After Ginger Baker finally died the other day, I was thinking about his playing, and the playing of some of the other big drummers to come out of the late 60s. I listened to a lot of drum solos last weekend, and wanted to offer some notes on them.
It's kind of silly to talk about these like they're pieces of music; the idea was to make a spectacle out of the drummer going crazy and shaking his hair and blowing everyone's mind by going fast, for a long time. People used to mention how long the solos would go as evidence of how good they were. But they are music, too, and in any case, that's the only way I know how to talk about the drums. So here we go:
“Toad” - Cream - Ginger Baker
I don't think I've ever listened to this all the way through, nor the much longer solo on Wheels of Fire— I'm trying to listen to that as I write this, and I completely lose focus about every 15 seconds, and finally I just want to turn it off.
I don't enjoy Baker's playing, but he was clearly very influential. The previous big drum thing in rock was Wipeout, which is very Mickey Mouse by comparison. Baker is bringing sort of a Buddy Rich / Louis Bellson type of vocabulary into the rock world— he cites Art Blakey, Elvin Jones, and Max Roach as influences, but I hear nothing of them in his playing. To me it's a straight bam-bam style rendition of big band drumming.
Baker wrote the tune, and it's nice. Most things in this category seem to just be simple blues riffs with some solo breaks.
“Moby Dick” - Led Zeppelin - John Bonham
John Bonham was to all appearances a big, simple, heavy drinking British farm country lummox, but he was a real musician, and to me this is the best, most musically successful, of these types of solos. It's concise, it has very effective dynamics, and melodic and sonic interest, and it develops nicely. It made musical sense to me as a 13 year old, and it makes sense to me now. It's just a very effective, non-dumb rock & roll drum feature.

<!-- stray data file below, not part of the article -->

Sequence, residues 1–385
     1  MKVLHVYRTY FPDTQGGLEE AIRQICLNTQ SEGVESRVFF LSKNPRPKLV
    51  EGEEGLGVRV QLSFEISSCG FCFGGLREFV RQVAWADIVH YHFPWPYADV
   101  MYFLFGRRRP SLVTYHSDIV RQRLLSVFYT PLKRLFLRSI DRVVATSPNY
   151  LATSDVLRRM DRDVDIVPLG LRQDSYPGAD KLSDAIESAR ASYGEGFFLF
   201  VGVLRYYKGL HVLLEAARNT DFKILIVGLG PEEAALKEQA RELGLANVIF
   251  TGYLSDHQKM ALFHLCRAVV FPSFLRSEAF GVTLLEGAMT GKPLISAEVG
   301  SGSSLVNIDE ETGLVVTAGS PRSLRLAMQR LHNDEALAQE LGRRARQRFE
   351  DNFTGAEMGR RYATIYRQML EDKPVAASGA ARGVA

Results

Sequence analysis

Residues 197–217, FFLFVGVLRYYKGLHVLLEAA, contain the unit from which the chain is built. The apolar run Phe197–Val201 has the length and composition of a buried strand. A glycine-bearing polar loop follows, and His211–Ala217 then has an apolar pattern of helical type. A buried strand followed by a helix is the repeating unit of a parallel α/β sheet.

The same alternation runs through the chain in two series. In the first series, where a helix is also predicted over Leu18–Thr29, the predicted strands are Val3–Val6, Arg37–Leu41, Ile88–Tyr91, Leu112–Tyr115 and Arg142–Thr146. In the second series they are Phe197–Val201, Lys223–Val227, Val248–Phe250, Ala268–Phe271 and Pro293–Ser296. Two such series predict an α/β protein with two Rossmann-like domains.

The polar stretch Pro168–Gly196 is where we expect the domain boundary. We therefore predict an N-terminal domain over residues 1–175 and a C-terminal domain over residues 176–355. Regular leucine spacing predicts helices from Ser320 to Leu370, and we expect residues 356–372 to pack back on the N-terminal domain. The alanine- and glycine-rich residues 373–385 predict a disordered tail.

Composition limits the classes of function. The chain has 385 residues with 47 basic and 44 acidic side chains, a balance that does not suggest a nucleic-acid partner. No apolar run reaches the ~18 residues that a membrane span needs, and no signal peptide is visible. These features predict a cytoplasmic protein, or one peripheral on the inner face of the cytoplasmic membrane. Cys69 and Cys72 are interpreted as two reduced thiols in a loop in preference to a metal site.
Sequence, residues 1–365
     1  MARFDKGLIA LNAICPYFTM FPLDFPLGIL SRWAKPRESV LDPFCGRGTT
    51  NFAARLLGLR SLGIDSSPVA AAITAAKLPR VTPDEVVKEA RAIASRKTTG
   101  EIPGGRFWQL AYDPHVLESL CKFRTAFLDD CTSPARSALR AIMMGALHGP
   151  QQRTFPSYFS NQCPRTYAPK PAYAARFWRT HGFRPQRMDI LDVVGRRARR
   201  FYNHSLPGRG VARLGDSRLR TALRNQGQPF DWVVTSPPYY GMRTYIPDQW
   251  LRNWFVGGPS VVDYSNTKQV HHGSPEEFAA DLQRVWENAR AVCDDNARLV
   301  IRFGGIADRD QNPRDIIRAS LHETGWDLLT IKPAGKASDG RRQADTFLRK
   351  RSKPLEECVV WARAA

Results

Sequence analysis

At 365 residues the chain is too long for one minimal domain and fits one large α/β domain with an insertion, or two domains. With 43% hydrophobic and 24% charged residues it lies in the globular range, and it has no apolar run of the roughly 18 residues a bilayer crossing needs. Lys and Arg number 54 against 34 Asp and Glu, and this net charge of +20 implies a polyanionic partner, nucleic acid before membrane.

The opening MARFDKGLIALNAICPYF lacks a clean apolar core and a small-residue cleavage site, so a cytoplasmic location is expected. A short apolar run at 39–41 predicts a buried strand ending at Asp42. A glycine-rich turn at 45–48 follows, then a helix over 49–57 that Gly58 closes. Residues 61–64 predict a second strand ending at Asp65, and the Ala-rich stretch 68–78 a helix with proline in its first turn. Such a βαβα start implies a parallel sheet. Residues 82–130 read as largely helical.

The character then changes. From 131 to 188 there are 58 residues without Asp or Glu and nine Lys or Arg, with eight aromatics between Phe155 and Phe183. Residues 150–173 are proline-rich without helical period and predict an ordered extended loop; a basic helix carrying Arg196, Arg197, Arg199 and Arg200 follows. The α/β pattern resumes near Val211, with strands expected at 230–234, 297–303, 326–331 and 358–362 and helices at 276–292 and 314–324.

Part of what I like is that he is not just doing that big band thing, which so many of these drummers do— apparently that was the way young white drummers who were into the drums learned to play at the time. His concept of the instrument is different. His sound was also different, which perhaps we'll talk about another time...
“In-A-Gadda-Da-Vida” - Iron Butterfly - Ron Bushy
This was a famous tune and drum solo in the 60s, that was largely forgotten soon after. It's not hip at all, but I kind of like it. I'm happy to not have to listen to a lot of snare drum junk. He's playing simple little melodies on the tom toms, and he doesn't repeat himself. All of these rock guys step on their bass drum the way he does, but he has a nice groove with it, and it hearkens back to Baby Dodds a little bit.
The solo starts after 6:15:
“Working Man” - Rush - Neil Peart
Peart is a generation after the other players here, but I wanted to put this up to compare with Ginger Baker's playing. To me this is coming out of that same big band bag, which is why Peart's thing always seemed a little retrograde to me, compared to Bonham's concept, which was more modern.
The solo is well composed. It had better be— he played this same solo for many years. Compare this performance with the one on Exit... Stage Left five years later. It's more of a production number, featuring his elaborate drumset, than it is a piece of music. Basically he's lining up a lot of fun drumming ideas and novel sounds in an exciting package. As a show number it's very effective.